Contagious Madness

    A month into the bloody Putin mess next door, I notice that I am getting slightly more accustomed to the grim images flooding the newsreels. The sights of ancient and modern cities in ruins, the scared faces of kids fleeing to the safety of unknown destinations, the determined frowns of soldiers awaiting the next explosions… They keep flashing by but somehow fail to shock me anymore. And life goes on, almost undisturbed, at least in my part of the world. How quickly the madness of war has become the new normal!

    Make no mistake, though; the war affects us all, one way or another. Reflecting upon the fallout from Russia’s war in Ukraine in his first major post-COP26 speech earlier this week, UN Secretary-General António Guterres sounded duly preoccupied. His main point was, naturally, to issue a warning about the displacement of the global climate agenda by the present geopolitical crisis.

    “Countries could become so consumed by the immediate fossil fuel supply gap that they neglect or knee-cap policies to cut fossil fuel use,” worries Guterres. “This is madness. Addiction to fossil fuels is mutually assured destruction.”

    The madness of war is contagious, it would appear.

    Alongside those dismal photos from the war zone, I find myself staring at another disturbing image this week, a cloud of methane in a remote corner of Chinese Inner Mongolia, so powerful that it was visible from space. Detected by the European Space Agency’s Sentinel-5P satellite for the first time earlier this month, the burst of methane near a previously inactive coal mine is a clear indication that China is boosting production of the dirtiest fossil fuel. Of course, it is not a secret that Beijing approved three different billion-dollar coal mine projects only last month. Seeing it evolve in real-time is shocking anyway. According to estimates[1], a methane release at that rate would have the same climate impact in an hour as the annual emissions from roughly 6,000 cars.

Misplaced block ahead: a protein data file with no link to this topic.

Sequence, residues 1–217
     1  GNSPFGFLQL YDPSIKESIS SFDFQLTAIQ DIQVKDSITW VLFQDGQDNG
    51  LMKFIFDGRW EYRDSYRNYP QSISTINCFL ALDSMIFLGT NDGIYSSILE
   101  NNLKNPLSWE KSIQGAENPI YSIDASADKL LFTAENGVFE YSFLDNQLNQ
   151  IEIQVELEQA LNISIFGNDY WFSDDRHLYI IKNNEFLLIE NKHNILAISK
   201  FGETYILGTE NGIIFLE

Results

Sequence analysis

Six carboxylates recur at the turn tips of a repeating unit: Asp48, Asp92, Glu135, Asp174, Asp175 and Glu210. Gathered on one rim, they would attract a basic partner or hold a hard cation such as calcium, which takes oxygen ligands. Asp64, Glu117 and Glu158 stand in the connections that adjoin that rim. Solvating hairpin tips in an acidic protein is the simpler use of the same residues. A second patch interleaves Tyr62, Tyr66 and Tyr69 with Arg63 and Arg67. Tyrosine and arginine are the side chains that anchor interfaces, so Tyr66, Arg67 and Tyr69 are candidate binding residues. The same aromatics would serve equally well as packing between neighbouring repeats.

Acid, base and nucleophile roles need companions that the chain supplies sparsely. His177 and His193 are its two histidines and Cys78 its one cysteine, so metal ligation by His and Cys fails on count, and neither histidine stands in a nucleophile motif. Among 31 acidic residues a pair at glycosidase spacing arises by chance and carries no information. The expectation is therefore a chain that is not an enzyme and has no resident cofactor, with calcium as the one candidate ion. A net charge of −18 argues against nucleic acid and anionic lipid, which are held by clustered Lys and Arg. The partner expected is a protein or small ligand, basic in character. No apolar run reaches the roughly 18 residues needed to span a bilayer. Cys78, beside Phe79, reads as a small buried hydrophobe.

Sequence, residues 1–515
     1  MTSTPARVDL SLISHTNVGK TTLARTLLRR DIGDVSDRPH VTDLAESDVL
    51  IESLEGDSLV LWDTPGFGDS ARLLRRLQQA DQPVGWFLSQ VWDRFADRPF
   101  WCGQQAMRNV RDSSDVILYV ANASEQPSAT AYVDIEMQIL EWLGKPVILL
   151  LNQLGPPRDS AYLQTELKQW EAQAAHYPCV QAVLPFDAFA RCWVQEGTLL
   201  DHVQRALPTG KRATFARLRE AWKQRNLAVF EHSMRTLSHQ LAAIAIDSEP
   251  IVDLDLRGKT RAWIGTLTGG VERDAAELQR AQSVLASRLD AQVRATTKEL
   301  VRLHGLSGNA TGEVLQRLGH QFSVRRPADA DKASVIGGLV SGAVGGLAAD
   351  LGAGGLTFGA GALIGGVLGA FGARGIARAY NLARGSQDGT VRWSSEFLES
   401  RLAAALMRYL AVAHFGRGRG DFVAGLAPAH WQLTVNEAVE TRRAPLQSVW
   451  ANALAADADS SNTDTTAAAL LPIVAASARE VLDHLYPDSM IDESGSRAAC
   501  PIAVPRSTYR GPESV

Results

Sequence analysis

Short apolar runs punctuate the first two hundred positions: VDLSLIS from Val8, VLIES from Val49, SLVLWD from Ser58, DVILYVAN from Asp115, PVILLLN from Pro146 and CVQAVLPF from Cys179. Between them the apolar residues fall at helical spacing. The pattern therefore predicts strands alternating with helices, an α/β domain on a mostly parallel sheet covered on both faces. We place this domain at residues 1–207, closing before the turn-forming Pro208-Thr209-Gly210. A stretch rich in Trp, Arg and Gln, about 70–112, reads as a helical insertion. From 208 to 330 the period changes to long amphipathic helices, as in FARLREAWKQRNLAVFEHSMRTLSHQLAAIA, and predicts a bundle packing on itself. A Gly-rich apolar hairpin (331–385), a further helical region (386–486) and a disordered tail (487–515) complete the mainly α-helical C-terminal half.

Closer to home, no doubt some of our energy-starved European neighbours, too, are considering an increase in coal-fired power generation. If not, they are certainly less than shy about seeking fossil fuels elsewhere. Importing gas from Qatar or oil from Saudi Arabia is not taboo anymore. And the US, of course, is looking for ways to increase LNG production and surge supplies to Europe in mere months.

    This is precisely what Guterres is talking about. “As major economies pursue an ‘all-of-the-above’ strategy to replace Russian fossil fuels, short-term measures might create long-term fossil fuel dependence,” he warns. “If we continue with more of the same, we can kiss 1.5C goodbye.”

    War does affect us all. For my part, I keep hoping that it can also teach us something about the importance of standing our ground, despite the inevitable sacrifices this means. How about showing a tiny bit of that Zelenskyy grit in the face of adversity that we all publicly admire so much?


    Image by Gerd Altmann from Pixabay


    [1] Courtesy of researchers from Kayrros, a French geoanalytics company, accompanied with all the necessary scientific disclaimers about significant uncertainty because of winds at the time of the measurement.

    Image courtesy of Image by Gerd Altmann from Pixabay
    Julia Axelsson, CAIA
    Julia Axelsson, CAIA
    Julia has accumulated experience in asset management for more than 20 years in Stockholm and Beijing, in portfolio management, asset allocation, fund selection and risk management. In December 2020, she completed a program in Sustainability Studies at the University of Linköping. Julia speaks Mandarin, Bulgarian, Hindi, Russian, Swedish, Urdu and English. She holds a Master in Indology from Sofia University and has completed studies in Economics at both Stockholm University and Stockholm School of Economics.

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